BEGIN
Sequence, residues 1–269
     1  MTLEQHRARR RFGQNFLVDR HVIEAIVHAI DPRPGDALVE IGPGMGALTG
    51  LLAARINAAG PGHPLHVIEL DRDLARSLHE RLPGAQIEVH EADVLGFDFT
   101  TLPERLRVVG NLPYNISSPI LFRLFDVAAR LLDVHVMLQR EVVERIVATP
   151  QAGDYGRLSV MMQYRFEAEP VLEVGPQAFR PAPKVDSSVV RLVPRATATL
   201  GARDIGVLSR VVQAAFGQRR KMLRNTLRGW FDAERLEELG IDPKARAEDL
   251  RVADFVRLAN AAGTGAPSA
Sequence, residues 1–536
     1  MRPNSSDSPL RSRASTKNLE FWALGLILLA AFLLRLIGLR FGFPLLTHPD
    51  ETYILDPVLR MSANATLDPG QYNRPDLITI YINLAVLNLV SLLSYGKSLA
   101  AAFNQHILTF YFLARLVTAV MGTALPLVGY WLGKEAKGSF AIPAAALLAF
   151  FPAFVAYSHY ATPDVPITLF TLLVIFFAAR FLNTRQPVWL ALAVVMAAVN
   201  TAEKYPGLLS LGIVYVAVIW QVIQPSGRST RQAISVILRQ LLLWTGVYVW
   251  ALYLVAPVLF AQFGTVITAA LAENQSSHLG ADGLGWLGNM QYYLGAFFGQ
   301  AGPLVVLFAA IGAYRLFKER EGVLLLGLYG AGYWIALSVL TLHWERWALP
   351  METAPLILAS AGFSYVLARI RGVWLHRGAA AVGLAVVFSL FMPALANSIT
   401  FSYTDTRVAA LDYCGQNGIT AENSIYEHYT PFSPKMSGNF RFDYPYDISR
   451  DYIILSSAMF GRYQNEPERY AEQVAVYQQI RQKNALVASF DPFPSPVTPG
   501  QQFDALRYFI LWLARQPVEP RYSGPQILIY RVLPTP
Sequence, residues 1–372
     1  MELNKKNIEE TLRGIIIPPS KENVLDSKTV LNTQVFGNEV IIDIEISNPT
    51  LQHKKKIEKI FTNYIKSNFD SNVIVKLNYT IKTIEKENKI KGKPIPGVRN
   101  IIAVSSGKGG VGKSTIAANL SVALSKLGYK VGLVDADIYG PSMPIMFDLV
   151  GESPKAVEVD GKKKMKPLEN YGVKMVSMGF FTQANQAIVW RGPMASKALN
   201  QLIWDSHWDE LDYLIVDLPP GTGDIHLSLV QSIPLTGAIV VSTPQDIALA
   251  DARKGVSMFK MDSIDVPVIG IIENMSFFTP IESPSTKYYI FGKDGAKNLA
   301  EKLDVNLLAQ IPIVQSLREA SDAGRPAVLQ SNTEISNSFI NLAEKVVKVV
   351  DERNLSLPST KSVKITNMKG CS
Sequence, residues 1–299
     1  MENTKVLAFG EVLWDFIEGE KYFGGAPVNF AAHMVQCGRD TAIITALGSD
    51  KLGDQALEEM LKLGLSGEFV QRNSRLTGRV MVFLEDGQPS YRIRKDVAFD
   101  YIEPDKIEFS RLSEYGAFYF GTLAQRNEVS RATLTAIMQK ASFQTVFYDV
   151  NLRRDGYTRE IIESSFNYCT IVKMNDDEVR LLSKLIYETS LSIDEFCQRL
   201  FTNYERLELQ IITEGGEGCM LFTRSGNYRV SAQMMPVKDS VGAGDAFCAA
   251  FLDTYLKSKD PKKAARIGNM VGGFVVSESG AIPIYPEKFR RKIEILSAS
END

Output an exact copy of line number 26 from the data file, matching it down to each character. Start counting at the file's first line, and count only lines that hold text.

   251  DARKGVSMFK MDSIDVPVIG IIENMSFFTP IESPSTKYYI FGKDGAKNLA